Crunch the numbers: Does it make financial sense to refinance? How long will it take to recoup closing costs? Are there better options?
Check your credit report: Your credit score has the biggest influence on the rate you’ll qualify for, so make sure there are no errors on your report. Similarly, pay down debt, if needed, to boost your score.
Comparison shop lenders: Ask for various lenders’ rate sheets so you can see about how much you’ll spend with each lender.
Lock in your rate: A mortgage rate lock means that the lender agrees to honor the current rate (even if rates rise) throughout the closing process.
Close on the mortgage refinance: This is the final step in the process. But, make sure your credit has not taken a hit during the time you applied and closing as it can affect your loan. Throughout the process, don’t open new lines of credit and be sure to make on-time payments on all your bills.
What documents do I need for a refinance?
When you apply for a mortgage (a new purchase or a refinance), lenders need some documentation about your finances to make their decision. You’ll likely need to provide:
Copy of latest mortgage statement that shows your mortgage balance
Copy of property appraisal report from the property appraiser (the lender typically hires the appraisal company)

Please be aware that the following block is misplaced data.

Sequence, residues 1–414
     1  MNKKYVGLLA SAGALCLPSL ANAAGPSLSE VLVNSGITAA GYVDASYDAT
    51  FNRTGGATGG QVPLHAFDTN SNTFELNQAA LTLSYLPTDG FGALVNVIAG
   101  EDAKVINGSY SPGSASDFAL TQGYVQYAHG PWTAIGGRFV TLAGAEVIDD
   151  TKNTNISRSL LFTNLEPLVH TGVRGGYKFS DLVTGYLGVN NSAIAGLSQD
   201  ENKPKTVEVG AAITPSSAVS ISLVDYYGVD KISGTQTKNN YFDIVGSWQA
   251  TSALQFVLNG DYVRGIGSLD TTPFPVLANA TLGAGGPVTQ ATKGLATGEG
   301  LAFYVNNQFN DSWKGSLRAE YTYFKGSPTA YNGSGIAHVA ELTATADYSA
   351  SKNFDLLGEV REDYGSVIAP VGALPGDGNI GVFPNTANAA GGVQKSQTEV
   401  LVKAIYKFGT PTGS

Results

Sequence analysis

Proof of income, including the previous year’s W-2 and federal tax return, as well as your most recent pay stub.
Documentation on additional earnings, like alimony, child support or employment stock options.
A list of all debts, including credit cards, student loans, auto loans, alimony and child support, along with balances and monthly payments.
An inventory of your assets, including bank statements, investment records, retirement accounts, real estate and auto titles.
Bankruptcy discharge papers, if you have had a bankruptcy within the last several years.
In some cases, you may also have to sign an IRS Form 4506-T, which allows the lender to get a transcript of your tax return from the IRS.
Finding the best rates
Finding the best rate starts with doing research on your own. You can quickly compare rates using Bankrate’s refinance rate table, which brings together many lenders to give you a snapshot of who’s offering the best rate.
Our rate tables are updated continuously, so you can be sure these are the most current rates.
The interest rate table above is updated daily, Monday through Friday, to give you the most current rates when refinancing a home loan.